Bakrie keeps Indonesia guessing

A lack of details about Bakrie's sale of its 35% stake in Bumi Resources suggests that the contest has barely started.
JakartaÆs financial community is buzzing with speculation and scratching its collective head with confusion as it tries to digest, interpret and, well, guess how the most significant equity deal in the world today will play out û right on its own doorstep.

On Saturday, Bakrie & Brothers announced that it would sell its 35% stake in Bumi Resources to Northstar Pacific, an affiliate of the US-based Texas Pacific Group (TPG), for $1.3 billion. The price-tag is based on BumiÆs share price a month ago, just before the shares were suspended.

But, so little information has been revealed that observers believe the announcement merely serves as an invitation for other parties to throw their hats into the ring.

Northstar, which also controls PT Bank Tabungan Pensiunan Nasional and has stakes in PT Alfa Retailindo and PT Adaro, is run by Indonesian banker Patrick Walujo û so it has Indonesian credentials.

But it is inconceivable, say bankers with some knowledge of the machinations involved, that TPG would not have made the final decision to proceed. It is understood that UBS is advising Northstar, but the Swiss bank has not confirmed that it is involved.

The sale of Bumi, the worldÆs largest exporter of thermal coal and the ôcrown jewelsö of IndonesiaÆs most powerful holding company, is necessary in order for Bakrie to make an early repayment of $1.2 billion on its maturing short-term debt. Bakrie is vague about the reasons for the early payments, but there are widespread reports the company is in desperate need of cash as the shares, which are pledged as collateral for the loans, are losing their value.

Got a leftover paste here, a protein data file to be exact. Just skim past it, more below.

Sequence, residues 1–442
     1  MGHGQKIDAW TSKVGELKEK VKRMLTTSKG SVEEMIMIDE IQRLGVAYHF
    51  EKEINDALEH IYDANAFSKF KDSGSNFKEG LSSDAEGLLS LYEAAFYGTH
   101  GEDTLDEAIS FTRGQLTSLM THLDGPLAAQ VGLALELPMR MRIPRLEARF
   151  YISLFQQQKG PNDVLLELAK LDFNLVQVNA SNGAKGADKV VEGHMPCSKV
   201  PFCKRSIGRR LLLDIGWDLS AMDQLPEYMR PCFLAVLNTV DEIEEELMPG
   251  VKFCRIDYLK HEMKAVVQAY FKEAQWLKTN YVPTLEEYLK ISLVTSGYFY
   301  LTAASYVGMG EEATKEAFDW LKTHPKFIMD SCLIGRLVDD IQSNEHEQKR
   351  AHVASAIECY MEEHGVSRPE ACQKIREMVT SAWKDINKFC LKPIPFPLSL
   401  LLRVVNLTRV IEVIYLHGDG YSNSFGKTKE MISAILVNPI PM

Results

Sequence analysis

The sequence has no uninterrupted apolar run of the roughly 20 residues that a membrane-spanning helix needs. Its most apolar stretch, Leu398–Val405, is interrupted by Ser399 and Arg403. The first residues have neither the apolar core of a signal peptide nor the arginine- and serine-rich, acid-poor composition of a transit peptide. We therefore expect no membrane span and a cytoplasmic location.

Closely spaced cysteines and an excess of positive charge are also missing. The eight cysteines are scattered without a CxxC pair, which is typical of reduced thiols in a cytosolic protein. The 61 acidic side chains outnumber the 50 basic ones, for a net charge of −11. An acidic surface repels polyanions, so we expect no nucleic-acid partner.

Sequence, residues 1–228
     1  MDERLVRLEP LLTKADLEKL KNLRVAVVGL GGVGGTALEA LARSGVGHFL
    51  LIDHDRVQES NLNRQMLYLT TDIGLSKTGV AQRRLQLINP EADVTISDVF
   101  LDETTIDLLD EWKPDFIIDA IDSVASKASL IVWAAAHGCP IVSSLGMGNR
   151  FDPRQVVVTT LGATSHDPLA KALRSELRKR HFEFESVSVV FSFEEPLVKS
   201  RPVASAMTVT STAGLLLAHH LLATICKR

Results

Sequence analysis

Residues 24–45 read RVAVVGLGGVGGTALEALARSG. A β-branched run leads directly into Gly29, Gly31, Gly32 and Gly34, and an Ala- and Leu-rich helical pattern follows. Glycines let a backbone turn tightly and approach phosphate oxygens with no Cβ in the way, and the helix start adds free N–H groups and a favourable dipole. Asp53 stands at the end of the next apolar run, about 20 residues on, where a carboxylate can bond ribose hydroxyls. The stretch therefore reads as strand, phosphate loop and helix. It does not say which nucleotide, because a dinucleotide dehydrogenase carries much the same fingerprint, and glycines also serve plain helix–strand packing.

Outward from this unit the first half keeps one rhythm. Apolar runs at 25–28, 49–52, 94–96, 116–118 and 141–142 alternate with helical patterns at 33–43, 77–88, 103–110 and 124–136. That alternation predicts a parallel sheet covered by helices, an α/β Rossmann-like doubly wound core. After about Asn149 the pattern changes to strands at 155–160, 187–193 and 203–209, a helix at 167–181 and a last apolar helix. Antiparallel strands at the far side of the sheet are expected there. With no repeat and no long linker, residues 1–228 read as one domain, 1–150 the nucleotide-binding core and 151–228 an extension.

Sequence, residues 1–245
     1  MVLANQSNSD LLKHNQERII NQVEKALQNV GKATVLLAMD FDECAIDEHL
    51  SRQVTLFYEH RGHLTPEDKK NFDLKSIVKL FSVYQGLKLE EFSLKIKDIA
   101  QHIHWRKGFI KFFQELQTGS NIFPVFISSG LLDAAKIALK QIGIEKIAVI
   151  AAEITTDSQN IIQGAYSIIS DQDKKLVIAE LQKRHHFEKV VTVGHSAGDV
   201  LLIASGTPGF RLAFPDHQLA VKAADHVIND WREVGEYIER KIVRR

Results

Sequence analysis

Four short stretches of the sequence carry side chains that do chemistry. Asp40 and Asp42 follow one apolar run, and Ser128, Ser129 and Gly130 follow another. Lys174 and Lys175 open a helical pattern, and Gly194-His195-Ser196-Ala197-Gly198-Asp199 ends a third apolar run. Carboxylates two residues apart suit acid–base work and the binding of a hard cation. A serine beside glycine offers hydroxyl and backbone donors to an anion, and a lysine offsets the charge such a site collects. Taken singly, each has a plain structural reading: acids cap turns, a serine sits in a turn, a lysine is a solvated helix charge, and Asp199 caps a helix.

Bakrie is selling the Bumi shares at a 61% discount to the price it paid when it bought them from the Bakrie family in a cross-ownership transaction early this year. Danatama Makmur was the adviser on that deal. The value of BumiÆs shares collapsed as world markets dived in early October, and trading on the Jakarta Stock Exchange was stopped after BumiÆs share price fell 32% in one day, on October 6.

But few aspects of the deal are certain. Credit Suisse, who is advising Bakrie, was reluctant to answer any questions yesterday about the sale, which at this stage appears more like the posturing at the weigh-in before a boxing bout than the contest itself.

The Swiss bank could not confirm the price or timing of the transaction; who needs to give approval for it to go ahead; whether or not Bakrie will have a buy-back option; why Northstar was chosen over rival bidders; whether a consortium including state-owned companies such as Bukit Asam would join Northstar; or what would be the extent of BakrieÆs residual interest in Bumi.